Miguel Sosa is a research and product strategist at Bluerock Capital Markets, which has $15 billion in AUM.
At the 2022 CAIS Alternative Investment Summit in Beverly Hills, Miguel and I discussed a paper he wrote on Advanced Diversification, where he used modern portfolio theory to deconstruct the three elements of diversification to quantify the benefits of each of those elements. We then discussed how to apply those three elements to build a more efficient portfolio. We get a little technical in this one but I think you’ll really appreciate how this type of knowledge can help you build higher performing risk-adjusted portfolios.
Correlation and Volatility
Miguel says that you can find references to diversification of assets in the Bible and Shakespeare, so on some level people have always understood that it’s not good to have all your eggs in one basket. In the 1950s, Harry Markowitz’s modern portfolio theory helped advisors quantify diversification by focusing on two inputs — volatility and standard deviation — and the correlation between assets in a portfolio.
“What we did in our research is use that modern portfolio theory formula to look at the two asset classes that most people use when they’re thinking of investing: equities and fixed income,” Miguel explains. “But also, let’s look at the realized correlation between the two asset classes. Let’s assume different levels of correlation. Instead of the -0.4 correlation that has existed for decades between equities and fixed income, what would it look like if there were zero correlation? What would the results be if it were a 1.0 correlation and they were perfectly correlated? And so we did that little bit of stress testing to see which contributors would improve diversification.”
Miguel and his team determined that there were three components of diversification:
- Decorrelation Effect (Low correlation)
- Buffering Effect (Low volatility)
- Hedging Effect (Negative correlation)
The good news is that, for the last 70 years or so, advisors have done a pretty good job of finding the right mix for their clients. And, of course, the generally bullish market environment didn’t hurt either, especially after the Great Recession.
Allocating to Real Estate
But, according to Miguel and many other advisors I spoke to at CAIS, we may be in a very different environment now. Rising interest rates, inflation, and high equity volatility have really tested the limits of a traditional 60/40 portfolio in the past year. In order to maintain that essential mix of low correlation and low volatility, more advisors are starting to broaden their horizons — and their offerings — to include more alternative investments, such as private credit and private real estate.
Miguel’s focus is on real estate. After analyzing nearly 50 years of data from the NCREIF Property Index, Miguel and his team’s research concluded that contributing private real estate to your portfolio significantly improved the portfolio’s overall risk/return profile. That was due not only to the low volatility of private real estate, but also because of the significant returns that it can offer in addition to the less than 0.1 correlation.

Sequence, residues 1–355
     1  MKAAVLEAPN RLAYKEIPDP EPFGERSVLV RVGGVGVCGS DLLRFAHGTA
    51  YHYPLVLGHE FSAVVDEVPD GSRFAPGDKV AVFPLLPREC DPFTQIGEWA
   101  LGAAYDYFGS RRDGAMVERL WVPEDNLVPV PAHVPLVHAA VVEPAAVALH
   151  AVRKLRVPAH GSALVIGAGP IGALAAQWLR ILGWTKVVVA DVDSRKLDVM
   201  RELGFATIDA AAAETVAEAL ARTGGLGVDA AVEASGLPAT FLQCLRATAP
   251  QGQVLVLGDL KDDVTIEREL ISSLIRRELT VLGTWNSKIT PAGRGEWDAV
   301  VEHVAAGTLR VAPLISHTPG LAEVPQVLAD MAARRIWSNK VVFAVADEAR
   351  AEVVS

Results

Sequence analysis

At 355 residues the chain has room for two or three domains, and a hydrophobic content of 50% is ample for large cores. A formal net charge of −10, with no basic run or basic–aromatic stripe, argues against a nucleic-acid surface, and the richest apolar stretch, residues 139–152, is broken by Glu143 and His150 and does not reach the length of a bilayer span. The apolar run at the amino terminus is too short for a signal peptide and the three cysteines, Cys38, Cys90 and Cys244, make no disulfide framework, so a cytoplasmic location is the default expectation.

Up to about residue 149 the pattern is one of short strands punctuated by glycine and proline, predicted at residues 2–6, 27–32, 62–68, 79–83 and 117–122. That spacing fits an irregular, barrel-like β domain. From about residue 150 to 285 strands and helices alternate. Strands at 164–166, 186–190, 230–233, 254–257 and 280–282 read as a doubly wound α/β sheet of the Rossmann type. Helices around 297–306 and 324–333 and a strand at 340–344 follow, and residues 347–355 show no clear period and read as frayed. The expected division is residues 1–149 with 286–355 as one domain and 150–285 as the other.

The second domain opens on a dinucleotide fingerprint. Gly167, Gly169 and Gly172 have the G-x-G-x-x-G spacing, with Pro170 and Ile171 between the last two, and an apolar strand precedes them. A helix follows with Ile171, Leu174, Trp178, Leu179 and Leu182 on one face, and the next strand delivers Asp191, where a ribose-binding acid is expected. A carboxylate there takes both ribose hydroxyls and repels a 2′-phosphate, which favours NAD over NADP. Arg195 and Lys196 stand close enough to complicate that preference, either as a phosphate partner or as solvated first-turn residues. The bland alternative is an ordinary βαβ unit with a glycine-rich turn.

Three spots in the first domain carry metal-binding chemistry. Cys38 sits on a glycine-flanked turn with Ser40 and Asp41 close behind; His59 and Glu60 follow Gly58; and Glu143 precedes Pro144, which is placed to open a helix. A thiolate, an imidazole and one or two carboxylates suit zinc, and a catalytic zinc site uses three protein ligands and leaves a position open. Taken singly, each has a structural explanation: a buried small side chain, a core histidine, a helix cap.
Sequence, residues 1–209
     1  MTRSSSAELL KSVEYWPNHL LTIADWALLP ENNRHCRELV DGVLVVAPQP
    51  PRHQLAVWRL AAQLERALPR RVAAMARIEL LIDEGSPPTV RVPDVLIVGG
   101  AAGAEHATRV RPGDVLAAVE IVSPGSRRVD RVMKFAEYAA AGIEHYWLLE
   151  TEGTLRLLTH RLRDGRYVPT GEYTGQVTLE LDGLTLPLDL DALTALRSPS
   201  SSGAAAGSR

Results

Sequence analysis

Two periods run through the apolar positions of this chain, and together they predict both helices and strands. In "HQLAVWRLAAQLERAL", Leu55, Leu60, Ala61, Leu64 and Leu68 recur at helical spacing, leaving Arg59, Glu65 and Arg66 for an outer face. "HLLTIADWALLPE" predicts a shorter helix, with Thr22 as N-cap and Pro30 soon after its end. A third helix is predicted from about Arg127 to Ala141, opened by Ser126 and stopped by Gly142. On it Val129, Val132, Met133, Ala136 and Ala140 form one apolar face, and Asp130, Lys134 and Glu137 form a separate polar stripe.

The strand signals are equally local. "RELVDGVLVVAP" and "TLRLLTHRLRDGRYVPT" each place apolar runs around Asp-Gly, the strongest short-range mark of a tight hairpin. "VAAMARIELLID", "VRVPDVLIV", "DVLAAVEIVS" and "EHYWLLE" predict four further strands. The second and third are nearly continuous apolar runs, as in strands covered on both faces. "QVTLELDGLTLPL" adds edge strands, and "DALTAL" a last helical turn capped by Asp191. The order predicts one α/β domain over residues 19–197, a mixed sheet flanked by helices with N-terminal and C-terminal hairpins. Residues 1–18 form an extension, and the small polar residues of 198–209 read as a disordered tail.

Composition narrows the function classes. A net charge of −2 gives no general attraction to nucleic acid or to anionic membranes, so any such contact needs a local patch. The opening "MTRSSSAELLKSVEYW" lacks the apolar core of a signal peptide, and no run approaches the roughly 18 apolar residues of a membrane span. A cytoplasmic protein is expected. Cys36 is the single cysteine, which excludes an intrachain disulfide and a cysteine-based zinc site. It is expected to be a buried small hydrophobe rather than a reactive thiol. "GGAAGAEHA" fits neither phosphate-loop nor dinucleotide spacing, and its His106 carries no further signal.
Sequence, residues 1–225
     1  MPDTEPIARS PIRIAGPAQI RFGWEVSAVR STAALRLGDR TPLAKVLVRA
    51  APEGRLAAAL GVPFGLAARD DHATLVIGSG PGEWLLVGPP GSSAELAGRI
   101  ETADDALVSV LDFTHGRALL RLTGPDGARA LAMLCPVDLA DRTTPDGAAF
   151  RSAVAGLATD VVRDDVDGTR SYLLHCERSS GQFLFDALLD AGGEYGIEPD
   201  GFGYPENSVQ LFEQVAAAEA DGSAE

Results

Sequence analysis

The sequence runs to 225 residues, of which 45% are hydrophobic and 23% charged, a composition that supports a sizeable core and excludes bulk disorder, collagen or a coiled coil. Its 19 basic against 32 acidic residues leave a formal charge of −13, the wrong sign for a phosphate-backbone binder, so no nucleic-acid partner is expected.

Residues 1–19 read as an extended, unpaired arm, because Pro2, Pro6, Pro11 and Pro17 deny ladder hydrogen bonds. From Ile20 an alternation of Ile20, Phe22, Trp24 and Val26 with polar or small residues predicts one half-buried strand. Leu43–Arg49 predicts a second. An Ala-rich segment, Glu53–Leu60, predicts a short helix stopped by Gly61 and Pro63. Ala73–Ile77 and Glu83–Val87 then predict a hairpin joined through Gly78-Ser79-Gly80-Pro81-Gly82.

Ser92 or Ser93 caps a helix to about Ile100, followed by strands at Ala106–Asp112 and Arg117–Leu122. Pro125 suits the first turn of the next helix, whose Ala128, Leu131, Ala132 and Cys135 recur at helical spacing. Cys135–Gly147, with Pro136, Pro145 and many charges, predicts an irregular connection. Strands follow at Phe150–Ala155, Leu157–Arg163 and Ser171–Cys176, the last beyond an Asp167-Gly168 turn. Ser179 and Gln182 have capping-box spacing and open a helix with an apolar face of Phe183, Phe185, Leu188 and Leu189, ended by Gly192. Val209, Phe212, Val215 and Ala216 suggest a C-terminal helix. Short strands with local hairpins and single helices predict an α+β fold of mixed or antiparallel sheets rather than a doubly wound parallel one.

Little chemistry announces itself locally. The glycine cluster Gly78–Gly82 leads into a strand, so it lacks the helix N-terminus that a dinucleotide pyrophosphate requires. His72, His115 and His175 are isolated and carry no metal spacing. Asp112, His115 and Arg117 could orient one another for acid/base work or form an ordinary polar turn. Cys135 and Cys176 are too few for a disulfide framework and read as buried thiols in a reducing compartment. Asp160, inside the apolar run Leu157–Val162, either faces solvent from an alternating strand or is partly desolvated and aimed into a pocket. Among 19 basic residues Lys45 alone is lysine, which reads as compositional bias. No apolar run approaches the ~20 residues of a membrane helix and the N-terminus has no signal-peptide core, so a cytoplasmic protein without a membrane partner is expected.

Some of private real estate’s stability comes from its illiquidity. There’s also the role of institutional investors in the private real estate market, who generally are operating on longer timelines than individual investors. So while “real estate is real estate,” the structure of how you invest in it can significantly affect its return and volatility profile.
Historically, real estate has also proved reliable in inflationary and high-interest environments as well. “The typical concern that comes up is if interest rates are higher, that means the cost of servicing the debt within real estate will also be higher,” Miguel says. “Therefore, real estate must perform poorly. We’ve also done research and realized real estate actually performs strongly and has outperformed its long-term since inception return in higher interest rate environments. So if you look at the periods when the Fed has raised rates over the last almost five decades, private real estate has outperformed. That actually follows economic theory, which would say rising interest rates happen during strong economic backdrops. The Federal Reserve is actually trying to slow down the economy because the economy is doing well. Vacancy rates are low, occupancy rates are very high, rental rates are increasing. And therefore valuations are increasing as well. On average, if you look at those periods, including the late seventies and the early eighties, where inflation was high and interest rates were high, real estate has outperformed by a 400 basis point margin if you annualize the figures.”
Private Real Estate vs. Public REITs
So why not just direct more of your client’s money to a publicly traded REIT?
Because based on Miguel’s research, for the last several decades public REITs have experienced 20% annualized volatility, which is less stable than equities. Working with CAIS allows Miguel to help investors solve for that volatility problem by providing efficient access to a variety of innovative private real estate products that have different liquidity and return profiles.
“We have about 35 different private REIT investment strategies in our portfolio,” Miguel says. “So one can get the benefit of accessing what we believe are high quality investment strategies in a single investment strategy. It would take hundreds of millions of dollars for an institution to access these individually, given the minimums are, on paper, $5-10 million, sometimes 5-to-10 times that given the long queues or the demand for those particular products. So it’s a very efficient method of accessing high quality and diversified private real estate.”
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